“Cannabinoids, the active components of Cannabis sativa L. and their derivatives, inhibit tumor growth in laboratory animals by inducing apoptosis of tumor cells and impairing tumor angiogenesis.
It has also been reported that these compounds inhibit tumor cell spreading.
Here, we evaluated the effect of cannabinoids on matrix metalloproteinase (MMP) expression and its effect on tumor cell invasion.
Local administration of Δ9-tetrahydrocannabinol (THC), the major active ingredient of cannabis, down-regulated MMP-2 expression in gliomas generated in mice.
This cannabinoid-induced inhibition of MMP-2 expression in gliomas.
As MMP-2 up-regulation is associated with high progression and poor prognosis of gliomas and many other tumors, MMP-2 down-regulation constitutes a new hallmark of cannabinoid antitumoral activity.
As selective CB2 receptor activation to mice has been shown to inhibit the growth and angiogenesis of gliomas, skin carcinomas and melanomas, our observations further support the possibility of finding cannabinoid-based antitumoral strategies devoid of nondesired psychotropic side effects.”
“Neuroblastoma (nbl) is one of the most common solid cancers in children. Prognosis in advanced nbl is still poor despite aggressive multimodality therapy. Furthermore, survivors experience severe long-term multi-organ sequelae. Hence, the identification of new therapeutic strategies is of utmost importance.
Cannabinoids and their derivatives have been used for years in folk medicine and later in the field of palliative care. Recently, they were found to show pharmacologic activity in cancer, including cytostatic, apoptotic, and antiangiogenic effects.
We investigated, in vitro and in vivo, the anti-nbl effect of the most active compounds in Cannabis, Δ(9)-tetrahydrocannabinol (thc) and cannabidiol (cbd)…
Both compounds have antitumourigenic activity in vitro and impeded the growth of tumour xenografts in vivo. Of the two cannabinoids tested, cbd was the more active. Treatment with cbd reduced the viability and invasiveness of treated tumour cells in vitro and induced apoptosis. Moreover, cbd elicited an increase in activated caspase 3 in treated cells and tumour xenografts.
Our results demonstrate the antitumourigenic action of cbd on nbl cells. Because cbd is a nonpsychoactive cannabinoid that appears to be devoid of side effects, our results support its exploitation as an effective anticancer drug in the management of nbl.”
“Neuroblastomas are cancers that start in early nerve cells (called neuroblasts) of the sympathetic nervous system, so they can be found anywhere along this system.” http://www.cancer.org/cancer/neuroblastoma/detailedguide/neuroblastoma-what-is-neuroblastoma
“Macrophages are pivotal effector cells in immune responses and tissue remodeling by producing a wide spectrum of mediators, including angiogenic and lymphangiogenic factors.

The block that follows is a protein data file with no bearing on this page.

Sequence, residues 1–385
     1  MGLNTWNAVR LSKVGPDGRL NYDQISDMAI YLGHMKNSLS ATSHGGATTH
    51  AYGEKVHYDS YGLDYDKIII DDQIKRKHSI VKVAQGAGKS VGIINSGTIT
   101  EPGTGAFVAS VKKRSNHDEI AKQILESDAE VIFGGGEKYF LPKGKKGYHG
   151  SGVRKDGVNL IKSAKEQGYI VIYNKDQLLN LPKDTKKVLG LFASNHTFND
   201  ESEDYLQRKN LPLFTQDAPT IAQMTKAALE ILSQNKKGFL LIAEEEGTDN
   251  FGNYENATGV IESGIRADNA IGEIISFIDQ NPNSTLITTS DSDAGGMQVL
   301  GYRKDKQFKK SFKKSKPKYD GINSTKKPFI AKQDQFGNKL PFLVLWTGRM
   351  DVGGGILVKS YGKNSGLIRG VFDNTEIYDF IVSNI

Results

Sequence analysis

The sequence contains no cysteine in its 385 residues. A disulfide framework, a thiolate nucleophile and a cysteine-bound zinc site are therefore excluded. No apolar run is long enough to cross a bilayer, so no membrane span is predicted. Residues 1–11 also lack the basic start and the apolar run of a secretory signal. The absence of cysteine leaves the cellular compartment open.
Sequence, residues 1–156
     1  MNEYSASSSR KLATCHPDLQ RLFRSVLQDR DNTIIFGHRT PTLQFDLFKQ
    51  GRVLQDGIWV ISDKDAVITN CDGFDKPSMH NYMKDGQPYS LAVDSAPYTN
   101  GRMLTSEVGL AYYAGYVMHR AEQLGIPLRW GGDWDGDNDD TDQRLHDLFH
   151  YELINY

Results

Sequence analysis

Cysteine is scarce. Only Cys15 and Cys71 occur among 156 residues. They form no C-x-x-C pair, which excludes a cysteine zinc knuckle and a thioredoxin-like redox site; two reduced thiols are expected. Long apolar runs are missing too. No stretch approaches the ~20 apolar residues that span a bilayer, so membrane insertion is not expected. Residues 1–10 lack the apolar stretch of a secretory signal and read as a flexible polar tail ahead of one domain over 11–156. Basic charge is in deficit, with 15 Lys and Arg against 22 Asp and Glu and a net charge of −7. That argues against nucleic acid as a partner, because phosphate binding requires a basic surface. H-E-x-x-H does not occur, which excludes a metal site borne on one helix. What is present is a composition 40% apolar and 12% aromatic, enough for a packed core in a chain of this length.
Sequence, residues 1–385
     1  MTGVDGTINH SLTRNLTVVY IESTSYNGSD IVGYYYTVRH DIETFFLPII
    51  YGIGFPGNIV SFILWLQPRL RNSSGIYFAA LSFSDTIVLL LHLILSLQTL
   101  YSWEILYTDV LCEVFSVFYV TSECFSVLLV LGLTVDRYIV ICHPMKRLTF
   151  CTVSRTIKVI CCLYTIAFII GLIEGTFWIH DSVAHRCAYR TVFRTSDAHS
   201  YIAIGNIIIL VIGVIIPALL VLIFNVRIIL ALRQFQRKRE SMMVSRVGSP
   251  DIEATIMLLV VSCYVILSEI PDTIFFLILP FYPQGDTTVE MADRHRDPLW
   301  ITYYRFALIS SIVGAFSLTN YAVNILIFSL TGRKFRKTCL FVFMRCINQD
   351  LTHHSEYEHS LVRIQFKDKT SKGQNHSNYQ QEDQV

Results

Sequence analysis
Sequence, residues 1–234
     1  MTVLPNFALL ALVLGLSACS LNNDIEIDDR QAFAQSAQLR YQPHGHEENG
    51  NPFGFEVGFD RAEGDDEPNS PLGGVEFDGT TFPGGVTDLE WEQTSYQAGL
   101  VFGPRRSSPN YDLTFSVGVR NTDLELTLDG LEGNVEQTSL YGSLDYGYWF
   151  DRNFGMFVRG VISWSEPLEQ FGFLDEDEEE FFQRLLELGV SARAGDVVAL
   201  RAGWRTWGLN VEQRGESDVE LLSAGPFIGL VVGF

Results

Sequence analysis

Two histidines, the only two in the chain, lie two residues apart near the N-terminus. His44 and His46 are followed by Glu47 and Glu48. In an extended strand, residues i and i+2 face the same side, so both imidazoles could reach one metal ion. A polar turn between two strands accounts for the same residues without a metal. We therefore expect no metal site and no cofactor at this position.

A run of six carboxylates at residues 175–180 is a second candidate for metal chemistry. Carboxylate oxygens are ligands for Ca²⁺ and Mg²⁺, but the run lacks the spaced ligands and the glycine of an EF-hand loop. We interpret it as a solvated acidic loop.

Activation of cannabinoid receptor types 1 and 2 has been suggested as a new strategy to modulate angiogenesis in vitro and in vivo.
We investigated whether human lung-resident macrophages express a complete endocannabinoid system by assessing their production of endocannabinoids and expression of cannabinoid receptors…
Activation of cannabinoid receptors on tissue-resident macrophages might be a novel strategy to modulate macrophage-assisted vascular remodeling in cancer and chronic inflammation.”
“A large body of evidence shows that cannabinoids, in addition to their well-known palliative effects on some cancer-associated symptoms, can reduce tumour growth in animal models of cancer.
They do so by modulating key cell signalling pathways involved in the control of cancer cell proliferation and survival.
In addition, cannabinoids inhibit angiogenesis and cell proliferation in different types of tumours in laboratory animals.
By contrast, little is known about the biological role of the endocannabinoid system in cancer physio-pathology, and several studies suggest that it may be over-activated in cancer.
In this review, we discuss our current understanding of cannabinoids as antitumour agents, focusing on recent advances in the molecular mechanisms of action, including resistance mechanisms and opportunities for combination therapy approaches.”
“Cannabinoids exert antitumorigenic effects via multiple mechanisms.
Of these, antimetastatic and antiangiogenic actions have attracted considerable interest in the past years…
This chapter reviews the cell- and substance-specific antitumorigenic mechanisms of cannabinoids with particular consideration of their antimetastatic/anti-invasive and antiangiogenic actions.
In addition, beneficial interactions of cannabinoids with currently used chemotherapeutics as well as the influence of cannabinoids on tumor-immune surveillance are addressed.